Terri Westgate: City could make those hasty predictions look very silly
- Credit: Paul Chesterton/Focus Images Ltd
We have all heard the declaration that Norwich City are destined for relegation this season.
After losing to Leeds numerous commentators gave their pithy opinions about our football club, and how we were merely making up the numbers in the Premier League.
Often this was based on watching edited highlights, sometimes it was just a glance at the score line, and whilst that first win escaped us it was difficult to persuade with a counter argument - though some of us did try.
However, nothing is decided in the first 10 games of a football season, and the overreaction in some parts of the media to our poor start is now starting to be tempered, as we slowly begin to close the gap on the teams above. We are still second from bottom, but we are certainly not adrift from the rest of the league. There will be some now nervously looking over their shoulder as we head into one of the busiest periods of fixtures.
The last three games, starting with Farke’s final match at Brentford, have shown that we are still capable of the attacking play that got us promoted into this league. The determination and desire needed to fight the drop have been shown in abundance, and again on Saturday we proved that we could be competitive at the top level.
Wolves had been in good form coming to Carrow Road, so it’s a testament to our performance that so many Canaries fans were disappointed that we came away with just a draw.
Losing Mathias Normann to injury in the first half was a blow, as in a short period of time he has become an important part of the team, and being forced into an early substitution can ruin the flow of a game. However, Rupp came on and put in an assured performance to quieten his critics, which are dwindling in numbers with each appearance.
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Encouraging though it was at the number of chances we created, failure to convert any is the reason the match ended goalless. But with the confidence of the players growing, I believe they will soon overcome that hurdle as well.
For inspiration to see how fortunes can change, look no further than Ben Gibson.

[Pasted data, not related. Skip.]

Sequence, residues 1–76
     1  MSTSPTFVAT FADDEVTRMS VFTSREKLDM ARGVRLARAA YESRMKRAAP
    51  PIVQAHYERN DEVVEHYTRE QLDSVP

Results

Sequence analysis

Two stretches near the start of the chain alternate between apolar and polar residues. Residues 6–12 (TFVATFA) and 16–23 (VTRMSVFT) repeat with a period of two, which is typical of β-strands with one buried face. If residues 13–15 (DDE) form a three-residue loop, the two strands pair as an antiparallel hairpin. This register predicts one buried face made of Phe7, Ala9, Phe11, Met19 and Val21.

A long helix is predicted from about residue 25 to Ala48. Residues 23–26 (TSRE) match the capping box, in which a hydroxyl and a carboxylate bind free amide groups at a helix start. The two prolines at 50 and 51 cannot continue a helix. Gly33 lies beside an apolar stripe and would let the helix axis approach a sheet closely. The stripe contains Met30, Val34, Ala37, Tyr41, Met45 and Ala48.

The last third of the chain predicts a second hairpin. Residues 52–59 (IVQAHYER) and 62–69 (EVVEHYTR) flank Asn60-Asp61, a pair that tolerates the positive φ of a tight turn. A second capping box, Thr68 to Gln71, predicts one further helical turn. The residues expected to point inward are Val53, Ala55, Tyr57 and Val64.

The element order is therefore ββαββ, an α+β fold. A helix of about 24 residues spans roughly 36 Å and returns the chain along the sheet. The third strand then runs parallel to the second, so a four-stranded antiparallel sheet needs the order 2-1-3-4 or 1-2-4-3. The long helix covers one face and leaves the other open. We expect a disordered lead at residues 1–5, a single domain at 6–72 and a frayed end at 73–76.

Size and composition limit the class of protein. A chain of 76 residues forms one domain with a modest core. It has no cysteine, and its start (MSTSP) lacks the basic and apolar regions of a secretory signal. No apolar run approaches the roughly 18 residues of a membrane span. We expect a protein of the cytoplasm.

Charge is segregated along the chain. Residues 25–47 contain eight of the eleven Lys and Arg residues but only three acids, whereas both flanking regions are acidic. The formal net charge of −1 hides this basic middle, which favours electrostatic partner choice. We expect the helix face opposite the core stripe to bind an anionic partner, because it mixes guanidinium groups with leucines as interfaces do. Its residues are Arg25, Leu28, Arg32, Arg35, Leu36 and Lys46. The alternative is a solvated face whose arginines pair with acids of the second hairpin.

In those early fixtures against the might of Liverpool and Man City’s forward line, he looked overawed and behind the pace. Against Wolves at the weekend, he was consistently shutting down attacks and making crucial tackles, and helping us to our third clean sheet of the season.
I am not one for overreaction, so I didn’t get angry or rise to the bait of the ridiculous statements made after our heavy defeat at Chelsea. I knew it wasn’t a result that would determine our season. The comments were made without any insight and were designed to provoke, as controversy is a cheap way to get clicks and views online.
I am also cautiously optimistic now about our chances of avoiding relegation.
I believe that we have enough talent in our squad to get the results to drag us up the table to the heady heights of 17th place, or even higher. But there is still a lot of football to be played, and as Saturday demonstrated sometimes when you play well, you still don’t get the win. There is more drama to come, there will be disappointing defeats, but there will also be unexpected wins.
However, there is no longer just belief that we can compete at this level, but concrete evidence.
There may be glory in beating teams like Man City, but it is picking up points against Brentford, Southampton, Burnley, Wolves and Brighton that will keep us in this division. And when this unbeaten run comes to an end, we must dust ourselves down and not let it dampen our spirit.
The story of our season has plenty of chapters left still to be written, and our destiny is still in our own hands.